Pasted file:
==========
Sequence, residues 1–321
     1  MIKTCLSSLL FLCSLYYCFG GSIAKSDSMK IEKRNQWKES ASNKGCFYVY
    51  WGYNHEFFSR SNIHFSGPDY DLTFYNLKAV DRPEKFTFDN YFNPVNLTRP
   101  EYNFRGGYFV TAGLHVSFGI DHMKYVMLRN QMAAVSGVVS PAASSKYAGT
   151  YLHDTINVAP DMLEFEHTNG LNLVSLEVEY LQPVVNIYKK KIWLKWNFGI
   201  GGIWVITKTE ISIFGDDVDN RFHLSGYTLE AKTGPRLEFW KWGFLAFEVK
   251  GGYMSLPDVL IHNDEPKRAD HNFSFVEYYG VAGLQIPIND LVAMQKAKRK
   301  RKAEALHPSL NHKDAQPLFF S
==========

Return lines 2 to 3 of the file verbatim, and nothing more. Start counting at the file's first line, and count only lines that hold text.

     1  MIKTCLSSLL FLCSLYYCFG GSIAKSDSMK IEKRNQWKES ASNKGCFYVY
    51  WGYNHEFFSR SNIHFSGPDY DLTFYNLKAV DRPEKFTFDN YFNPVNLTRP